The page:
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'Easier to sell to a jury' | Experts give Georgia angle on New York Trump indictment

Legal analysts say the New York prosecution of Trump is not likely to impact any possible prosecution of him in Atlanta.

ATLANTA — The Fulton County District Attorney's criminal investigation of former President Donald Trump continues to move forward while, in New York, Trump is now under indictment, facing criminal charges in a separate case.

Trump is expected to surrender to New York authorities next week -- the first former U.S. president in history to be indicted.

And legal analysts in Atlanta say there is nothing to stop Fulton County District Attorney Fani Willis from pursuing possible grand jury indictments of Trump, and others, on election interference charges and possibly racketeering charges -- even as Trump is being prosecuted on different criminal charges in New York.

There are both political and legal consequences.

RELATED: Here's why Donald Trump is being indicted

What happens next in New York, with Donald Trump’s criminal indictment there, could forecast what Atlantans could expect if he’s also indicted in Fulton County.

“Well, look. The storm is coming, right? The storm is coming,” said former DeKalb County District Attorney Robert James Thursday evening.

“There are going to be protests,” James said. “We're going to see it in New York, but, on a larger scale, I think we're going to see it in Atlanta, because Georgia is still, for the most part, a red state. And the political dynamic, the body politic is a little different here. So the storm is coming.... There are going to be security concerns at any courthouse where there’s a prosecution of a former president.”

James believes the New York case against Trump, which has involved accusations of paying hush money over an alleged extramarital affair, is the weaker case compared to the Fulton County case against Trump, who could be accused of charges such as interfering with the election, racketeering and undermining democracy.

“All things being equal, assuming that both D.A. Willis and the prosecutor in New York both have very strong cases from an evidentiary standpoint, I would much rather have the Fulton County case,” James said. “Now, this is why. The case in New York is a case that a lot of people just are not going to care about. And that's just being candid. Nobody gets upset or is incensed that a millionaire or political official is taking campaign funds or any funds to pay their mistress to keep their mouth shut."

James added: "If you polled the general public, it's not the kind of thing that people are going to be upset about and is going to be the topic of Sunday dinner. However, the case in Georgia, the case in Atlanta, involves the former president allegedly calling everyone he could find in Georgia, including secretary of state, and asking them to go find votes. And that undermines our democracy. And that is something that affects everyone. And I'd much rather have that case because it's easier to sell to a jury and easier to make them care.”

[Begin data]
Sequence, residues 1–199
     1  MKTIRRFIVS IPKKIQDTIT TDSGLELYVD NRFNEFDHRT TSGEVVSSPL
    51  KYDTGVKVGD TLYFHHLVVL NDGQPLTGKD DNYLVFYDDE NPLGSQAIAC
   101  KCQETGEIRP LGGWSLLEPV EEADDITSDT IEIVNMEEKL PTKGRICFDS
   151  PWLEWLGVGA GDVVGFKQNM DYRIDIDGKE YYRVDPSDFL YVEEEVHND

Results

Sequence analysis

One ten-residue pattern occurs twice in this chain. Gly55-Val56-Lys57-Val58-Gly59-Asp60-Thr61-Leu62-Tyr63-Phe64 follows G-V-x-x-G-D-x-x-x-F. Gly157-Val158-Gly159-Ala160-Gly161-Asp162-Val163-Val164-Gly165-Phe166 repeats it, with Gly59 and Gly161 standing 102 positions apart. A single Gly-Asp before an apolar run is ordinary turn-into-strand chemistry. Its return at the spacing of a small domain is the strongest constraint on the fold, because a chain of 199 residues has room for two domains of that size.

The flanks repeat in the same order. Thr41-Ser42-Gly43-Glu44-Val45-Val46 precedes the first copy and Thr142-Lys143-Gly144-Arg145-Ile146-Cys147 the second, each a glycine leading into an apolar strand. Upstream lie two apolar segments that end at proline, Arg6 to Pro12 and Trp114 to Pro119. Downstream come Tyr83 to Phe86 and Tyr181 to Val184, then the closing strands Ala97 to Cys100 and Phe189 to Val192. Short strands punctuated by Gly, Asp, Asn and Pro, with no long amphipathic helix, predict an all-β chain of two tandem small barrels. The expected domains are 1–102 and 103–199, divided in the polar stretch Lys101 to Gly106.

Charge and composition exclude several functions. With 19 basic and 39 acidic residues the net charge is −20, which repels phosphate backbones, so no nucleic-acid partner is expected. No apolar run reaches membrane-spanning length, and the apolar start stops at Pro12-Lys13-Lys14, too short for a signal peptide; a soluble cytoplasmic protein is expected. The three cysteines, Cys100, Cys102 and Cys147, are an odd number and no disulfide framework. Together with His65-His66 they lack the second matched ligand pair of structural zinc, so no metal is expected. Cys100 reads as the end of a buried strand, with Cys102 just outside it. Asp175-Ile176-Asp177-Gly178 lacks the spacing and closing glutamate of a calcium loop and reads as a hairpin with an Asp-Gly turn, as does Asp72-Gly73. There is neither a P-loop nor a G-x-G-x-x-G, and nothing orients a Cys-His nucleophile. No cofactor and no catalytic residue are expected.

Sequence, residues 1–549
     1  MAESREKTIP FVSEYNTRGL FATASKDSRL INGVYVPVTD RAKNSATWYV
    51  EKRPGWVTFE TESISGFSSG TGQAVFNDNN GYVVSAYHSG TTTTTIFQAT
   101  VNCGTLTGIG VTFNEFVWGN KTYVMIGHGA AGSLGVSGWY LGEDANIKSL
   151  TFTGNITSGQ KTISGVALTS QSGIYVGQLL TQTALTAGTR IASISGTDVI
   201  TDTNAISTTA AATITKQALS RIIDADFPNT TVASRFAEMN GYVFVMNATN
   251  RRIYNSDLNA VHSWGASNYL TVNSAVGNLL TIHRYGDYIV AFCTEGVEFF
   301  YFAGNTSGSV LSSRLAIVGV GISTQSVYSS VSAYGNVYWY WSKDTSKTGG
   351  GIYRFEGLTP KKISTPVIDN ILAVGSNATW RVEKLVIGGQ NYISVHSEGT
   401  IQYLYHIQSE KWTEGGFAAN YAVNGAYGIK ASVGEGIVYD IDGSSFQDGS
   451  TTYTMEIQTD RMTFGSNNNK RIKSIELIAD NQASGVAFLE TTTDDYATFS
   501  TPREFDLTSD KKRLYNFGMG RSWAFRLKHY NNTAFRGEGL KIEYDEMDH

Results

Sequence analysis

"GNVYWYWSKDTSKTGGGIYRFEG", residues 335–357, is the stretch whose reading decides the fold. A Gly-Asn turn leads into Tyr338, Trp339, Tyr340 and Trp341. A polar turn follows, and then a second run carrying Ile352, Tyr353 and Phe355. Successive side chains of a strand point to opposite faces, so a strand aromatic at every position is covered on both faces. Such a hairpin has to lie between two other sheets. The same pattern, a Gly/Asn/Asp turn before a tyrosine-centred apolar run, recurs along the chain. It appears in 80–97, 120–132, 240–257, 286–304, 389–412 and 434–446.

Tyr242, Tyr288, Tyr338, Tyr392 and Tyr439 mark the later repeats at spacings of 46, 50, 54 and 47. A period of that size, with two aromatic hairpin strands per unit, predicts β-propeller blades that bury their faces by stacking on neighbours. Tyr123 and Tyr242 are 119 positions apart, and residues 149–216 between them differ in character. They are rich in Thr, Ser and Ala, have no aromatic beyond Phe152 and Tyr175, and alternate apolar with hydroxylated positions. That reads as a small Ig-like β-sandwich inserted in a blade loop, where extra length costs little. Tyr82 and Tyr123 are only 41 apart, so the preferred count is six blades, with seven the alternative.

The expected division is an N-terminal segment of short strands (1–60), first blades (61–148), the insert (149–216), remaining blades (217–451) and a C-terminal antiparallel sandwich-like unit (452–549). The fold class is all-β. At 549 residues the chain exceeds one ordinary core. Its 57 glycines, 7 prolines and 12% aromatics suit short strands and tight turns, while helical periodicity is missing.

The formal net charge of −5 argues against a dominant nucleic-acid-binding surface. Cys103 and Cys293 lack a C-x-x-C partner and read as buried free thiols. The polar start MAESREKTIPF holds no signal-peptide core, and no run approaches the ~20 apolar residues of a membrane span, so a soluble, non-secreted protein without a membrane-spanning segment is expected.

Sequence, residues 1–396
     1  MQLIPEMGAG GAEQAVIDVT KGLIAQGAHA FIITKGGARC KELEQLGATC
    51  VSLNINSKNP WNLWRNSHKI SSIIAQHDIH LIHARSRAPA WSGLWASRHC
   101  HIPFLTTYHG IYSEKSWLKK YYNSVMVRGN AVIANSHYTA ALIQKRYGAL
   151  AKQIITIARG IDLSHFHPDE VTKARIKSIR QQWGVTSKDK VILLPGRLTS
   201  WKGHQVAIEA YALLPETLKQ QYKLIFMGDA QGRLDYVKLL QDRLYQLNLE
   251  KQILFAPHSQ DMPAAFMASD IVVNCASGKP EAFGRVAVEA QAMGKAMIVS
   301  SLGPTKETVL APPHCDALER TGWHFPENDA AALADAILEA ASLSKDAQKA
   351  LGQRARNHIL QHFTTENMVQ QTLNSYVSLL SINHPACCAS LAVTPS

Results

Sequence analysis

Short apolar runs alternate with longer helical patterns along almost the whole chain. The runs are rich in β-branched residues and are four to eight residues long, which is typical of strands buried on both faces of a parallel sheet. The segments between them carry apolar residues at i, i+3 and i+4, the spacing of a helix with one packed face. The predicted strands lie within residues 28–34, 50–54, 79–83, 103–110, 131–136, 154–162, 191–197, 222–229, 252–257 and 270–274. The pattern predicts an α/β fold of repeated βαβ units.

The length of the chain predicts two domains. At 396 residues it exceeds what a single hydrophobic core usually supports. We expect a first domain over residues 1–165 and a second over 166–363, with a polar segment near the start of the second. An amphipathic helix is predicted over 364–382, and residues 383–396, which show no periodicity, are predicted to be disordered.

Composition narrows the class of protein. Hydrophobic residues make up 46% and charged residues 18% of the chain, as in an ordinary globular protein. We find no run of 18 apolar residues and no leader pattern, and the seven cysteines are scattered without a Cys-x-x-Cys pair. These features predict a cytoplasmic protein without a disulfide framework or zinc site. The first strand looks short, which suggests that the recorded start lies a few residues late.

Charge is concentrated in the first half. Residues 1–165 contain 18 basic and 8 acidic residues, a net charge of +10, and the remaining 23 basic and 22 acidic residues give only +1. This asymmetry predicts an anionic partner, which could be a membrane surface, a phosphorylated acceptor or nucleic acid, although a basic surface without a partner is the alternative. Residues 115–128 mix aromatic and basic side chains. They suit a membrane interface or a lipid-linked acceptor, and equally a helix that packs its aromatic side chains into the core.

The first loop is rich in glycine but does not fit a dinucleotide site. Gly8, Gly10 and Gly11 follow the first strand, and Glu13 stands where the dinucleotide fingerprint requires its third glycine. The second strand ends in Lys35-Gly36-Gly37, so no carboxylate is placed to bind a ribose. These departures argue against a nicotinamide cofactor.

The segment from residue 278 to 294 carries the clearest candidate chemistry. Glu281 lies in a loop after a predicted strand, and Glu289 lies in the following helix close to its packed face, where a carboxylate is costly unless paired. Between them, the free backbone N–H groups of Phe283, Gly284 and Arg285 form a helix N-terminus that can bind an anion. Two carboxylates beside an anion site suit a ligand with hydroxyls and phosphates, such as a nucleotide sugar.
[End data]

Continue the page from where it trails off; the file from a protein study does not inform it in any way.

Emory University Political Science Professor Dr. Andra Gillespie said Thursday that no matter how major or minor the charges might be against Trump in New York or in Atlanta, no one can claim that any former president is immune from being charged with misdemeanors or felonies.

“If George W. Bush had maliciously shot someone, or if Barack Obama had robbed a bank,” Gillespie said, “the fact that they're former presidents of the United States shouldn't absolve them from the responsibility to be held accountable for their actions.... And so, if President Trump is indeed innocent of these crimes, then what we need to do is we need to let the judicial process take its course. The president will have the opportunity to provide for an ample defense to be able to prove why he's worthy of being exonerated of these crimes.”

The district attorneys who are investigating Trump, Gillespie said, have their work cut out for them.

These lawyers are going to have to make their case and they're going to have to prove beyond a reasonable doubt that President Trump did the things that they are accusing him of doing. So in that respect, the due process matters here. And he's going to get access to due process. He's not going to be denied those rights to have his day in court.”

Gillespie and James both say that a big part of what could determine the ultimate outcome of all of this would be finding jurors who could be impartial.

“Getting an indictment is relatively easy for a prosecutor,” James said. “And I've been a prosecutor, so I know about that. But when you talk about indicting and prosecuting and convicting a public official, you know, not even to mention the former president of the United States, that’s hard. And it’s hard not because the prosecutor in New York or the prosecutor in Georgia might or might not have the evidence. It’s hard because ultimately we have a jury system, and real people make these decisions, and folks come to a jury with their biases and their political views and even their agendas. And trying to overcome that is the real task in this case.”

“I think the real lesson to take away from this,” Gilliespie said, “is that if America is truly a nation of equals, then everybody has to be held to account with equal measure. And so you don't get a get-out-of-jail-free pass just because you happen to have served as president of the United States. And so we need to think about the equal application of the law and the importance of that. And that actually is a signal of America's greatness that even people who we hold in high esteem, who have held high political office, still have to be held accountable for their behavior when and if they stray. And the legal process will help to sort out whether or not there's any straying that's gone on.”


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